Mood Indigo, directed by Michel Gondry, is a tale of romance and tragedy set in a wonderfully bizarre Paris. The film is based upon the book “L’ÉCUME DES JOURS’”
The protagonist, Colin (Romain Duris), is a wealthy playboy who spends his time studying the works of Jean-Sol Parte (Philippe Torreton) and working on his Pianocktail invention, a piano that makes cocktails. Upon learning that his best friend, Chick (Gad Elmaleh), has begun dating an American girl, Alise (Aissa Maiga), he comes to desire a relationship of his own. While at a party, Colin is introduced to Chloe (Audrey Tautou), with whom he begins dating. The two quickly fall in love and are married. However, Chloe is found to have a water lily in one of her lungs, which can only be treated with a constant stream of fresh flowers and treatment is certain to bankrupt Colin. The couple must endure the strain on their lives and Chloe endures treatment and Colin must find ways to pay for said treatment.
The film creates a wonderfully surreal and creative world that is easy with which to become immersed. The imagery is continuously impressive, with no expense spared to paint a city full of people and things that range from peculiar to enchanting, to just plain disturbing. The cast give solid performances overall, and the characters, in spite of the crazy world they live in, are all likeable and relatable in one way or another.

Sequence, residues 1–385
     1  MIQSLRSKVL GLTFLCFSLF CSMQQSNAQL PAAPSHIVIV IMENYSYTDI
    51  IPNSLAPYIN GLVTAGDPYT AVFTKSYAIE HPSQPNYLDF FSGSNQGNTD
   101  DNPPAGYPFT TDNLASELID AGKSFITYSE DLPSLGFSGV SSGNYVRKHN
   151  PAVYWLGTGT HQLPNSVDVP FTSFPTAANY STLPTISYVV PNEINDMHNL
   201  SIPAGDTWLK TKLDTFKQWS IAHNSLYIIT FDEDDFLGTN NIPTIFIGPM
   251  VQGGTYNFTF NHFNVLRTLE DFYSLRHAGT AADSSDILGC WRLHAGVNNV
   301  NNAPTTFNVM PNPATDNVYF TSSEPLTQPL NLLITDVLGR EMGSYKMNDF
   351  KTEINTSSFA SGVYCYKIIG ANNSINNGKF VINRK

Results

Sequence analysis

In spite of its charms, the film is not without flaws. The pacing seemed slow at times, particularly earlier on. The film also seemed to be without any motivation for a quite some time. For roughly the first half of the film there was no sense of urgency, which made it difficult to feel invested in the story. Though these issues were alleviated later in the film, it did make the film harder to watch early on.
Overall, Mood Indigo has likeable, quirky cast who live in an even more quirky world. Though the film suffers from some pacing issues, they aren’t enough to make the film unenjoyable. If you’re the type of person who loves movies for the rich worlds they can create, then this is not a film to miss out on. However, if you prefer strong narratives with solid pacing, or just find weird, almost nonsensical concepts unappealing, then you may want to pass.
Directed by Michel Gondry. Written by Michel Gondry and Luc Bossi. Produced by Luc Bossi. A coproduction by Brio Films, Studio Canal, France 2 Cinema, Herodiade, Scope with the participation of Canal+ and Cine+.